Being the nation’s leading provider of physical security solutions, we took a look at some of the recent heists that involved break ins, and advise on how these burglaries could have been prevented with better security.
Back in 2015, a group of criminals broke into the Hatton Garden Safe Deposit despite how secure the vault itself was. The building’s security pales in comparison. Sure, the main entrance was rather secure, being a pair of heavy duty doors to which only a few people had access to the keys for.
However, there was no more than a pair of sliding bolt locks for the basement fire exit. The accomplice entered the building and let the rest of the thieves in from the basement, the group then went and disabled the elevator and climbed down to the vault, they proceeded to drill a hole into the vault and got their hands on all the valuables that they could and got away with it as no arrests were made regarding the case until the following year.
Now, how would we be able to prevent them from getting in?
Well, it’s rather simple really. We’d recommend high-security steel doors, certified to the LPCB’s LPS 1175 standard, in place of the fire exit and any other low-security doorsets. Bradbury Group offers certified steel doors with LPS 1175 accreditation to SR2, SR3 and SR4, offering a range of doors which offer an assured level of security, and an effective physical deterrent. These doors are also available with access control systems that restricts access via different methods, such as numerical codes, key cards or a fingerprint scanner so every entry is traceable.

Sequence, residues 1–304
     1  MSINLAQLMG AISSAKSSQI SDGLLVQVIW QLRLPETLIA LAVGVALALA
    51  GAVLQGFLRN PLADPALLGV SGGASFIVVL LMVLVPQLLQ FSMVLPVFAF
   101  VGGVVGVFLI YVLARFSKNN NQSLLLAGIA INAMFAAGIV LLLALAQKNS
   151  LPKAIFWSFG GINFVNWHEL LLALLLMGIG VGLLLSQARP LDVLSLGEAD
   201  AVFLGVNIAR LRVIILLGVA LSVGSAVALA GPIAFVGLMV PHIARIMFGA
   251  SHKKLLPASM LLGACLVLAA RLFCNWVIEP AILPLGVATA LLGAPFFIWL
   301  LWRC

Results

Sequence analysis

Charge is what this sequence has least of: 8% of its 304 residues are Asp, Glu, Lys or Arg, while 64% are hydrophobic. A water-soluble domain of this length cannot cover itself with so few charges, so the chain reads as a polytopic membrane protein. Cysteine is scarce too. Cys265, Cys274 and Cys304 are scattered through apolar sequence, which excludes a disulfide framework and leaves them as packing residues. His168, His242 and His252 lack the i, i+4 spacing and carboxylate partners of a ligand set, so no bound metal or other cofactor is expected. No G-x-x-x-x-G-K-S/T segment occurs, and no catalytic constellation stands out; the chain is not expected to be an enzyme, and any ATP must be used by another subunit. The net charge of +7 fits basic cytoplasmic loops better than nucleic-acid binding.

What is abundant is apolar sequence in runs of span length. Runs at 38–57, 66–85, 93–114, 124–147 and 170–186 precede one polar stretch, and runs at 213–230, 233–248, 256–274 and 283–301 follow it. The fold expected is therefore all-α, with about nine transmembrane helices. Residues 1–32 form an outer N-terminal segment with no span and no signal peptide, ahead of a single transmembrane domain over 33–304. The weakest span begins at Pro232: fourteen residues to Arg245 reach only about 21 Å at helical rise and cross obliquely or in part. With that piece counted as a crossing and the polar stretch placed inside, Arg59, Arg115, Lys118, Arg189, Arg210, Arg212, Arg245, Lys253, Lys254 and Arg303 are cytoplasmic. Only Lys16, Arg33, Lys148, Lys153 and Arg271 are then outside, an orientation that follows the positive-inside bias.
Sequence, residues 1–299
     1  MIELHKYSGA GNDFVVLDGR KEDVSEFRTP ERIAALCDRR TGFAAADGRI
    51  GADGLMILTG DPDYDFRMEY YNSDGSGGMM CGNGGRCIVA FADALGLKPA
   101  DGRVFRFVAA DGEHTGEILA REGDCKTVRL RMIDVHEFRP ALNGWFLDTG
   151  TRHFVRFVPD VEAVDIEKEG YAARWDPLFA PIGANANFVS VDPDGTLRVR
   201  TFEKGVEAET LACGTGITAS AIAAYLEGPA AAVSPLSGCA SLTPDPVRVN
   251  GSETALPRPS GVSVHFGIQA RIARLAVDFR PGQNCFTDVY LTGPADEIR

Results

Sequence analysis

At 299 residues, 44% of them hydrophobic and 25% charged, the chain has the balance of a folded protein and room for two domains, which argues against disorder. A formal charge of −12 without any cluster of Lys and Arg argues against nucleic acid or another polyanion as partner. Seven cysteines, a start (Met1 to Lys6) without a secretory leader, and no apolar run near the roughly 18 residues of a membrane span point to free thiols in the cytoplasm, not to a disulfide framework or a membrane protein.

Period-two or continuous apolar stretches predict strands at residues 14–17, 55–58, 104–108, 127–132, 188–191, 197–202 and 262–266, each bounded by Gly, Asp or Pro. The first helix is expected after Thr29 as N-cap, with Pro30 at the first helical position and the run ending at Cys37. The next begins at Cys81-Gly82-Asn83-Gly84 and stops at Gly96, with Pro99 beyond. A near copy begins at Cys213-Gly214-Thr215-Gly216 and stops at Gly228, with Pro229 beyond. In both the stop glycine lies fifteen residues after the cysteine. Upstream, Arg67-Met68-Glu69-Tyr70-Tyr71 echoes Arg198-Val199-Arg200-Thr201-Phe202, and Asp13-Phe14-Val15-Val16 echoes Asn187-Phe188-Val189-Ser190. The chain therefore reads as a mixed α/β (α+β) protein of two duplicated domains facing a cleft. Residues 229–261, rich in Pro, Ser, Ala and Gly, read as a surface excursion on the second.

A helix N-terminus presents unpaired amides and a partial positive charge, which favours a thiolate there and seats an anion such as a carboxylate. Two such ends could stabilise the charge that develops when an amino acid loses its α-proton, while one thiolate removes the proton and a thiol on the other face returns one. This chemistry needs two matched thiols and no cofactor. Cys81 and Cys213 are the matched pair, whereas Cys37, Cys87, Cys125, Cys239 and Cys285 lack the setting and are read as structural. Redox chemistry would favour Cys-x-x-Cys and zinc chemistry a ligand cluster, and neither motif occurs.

More recently, a group of at least two criminals broke into the Green Vault Museum in the Dresden Castle located in Dresden, Germany. The heist took place on November 25th 2019, and the group that broke in stole around one billion Euros (£855 million) worth of jewels, mostly consisting of diamonds, rubies, sapphires and emeralds, as well as a plentiful amount of gold. The gems had been part of a collection made by Augustus the Strong, Saxony’s ruler during 1723, so they hold great cultural value as well.
The thieves broke in by removing a part of an iron grille on a ground floor window and smashed the glass to get in. A nearby electrical fire most likely stopped the alarms from working properly, it’s currently unknown if the criminals lit the fire themselves or if it was coincidental, however, this still helped them to get in undetected.
The burglars would have had a much harder time breaking into the museum should they have had better security grilles, such as the LPCB accredited, LPS 1175 SR3 Eclipse grilles, the strongest certified grilles on the market. These grilles are both anti-theft and anti-terror and can be installed in windows and entrance ways or even be used as a standalone partition or several can be formed into a cage.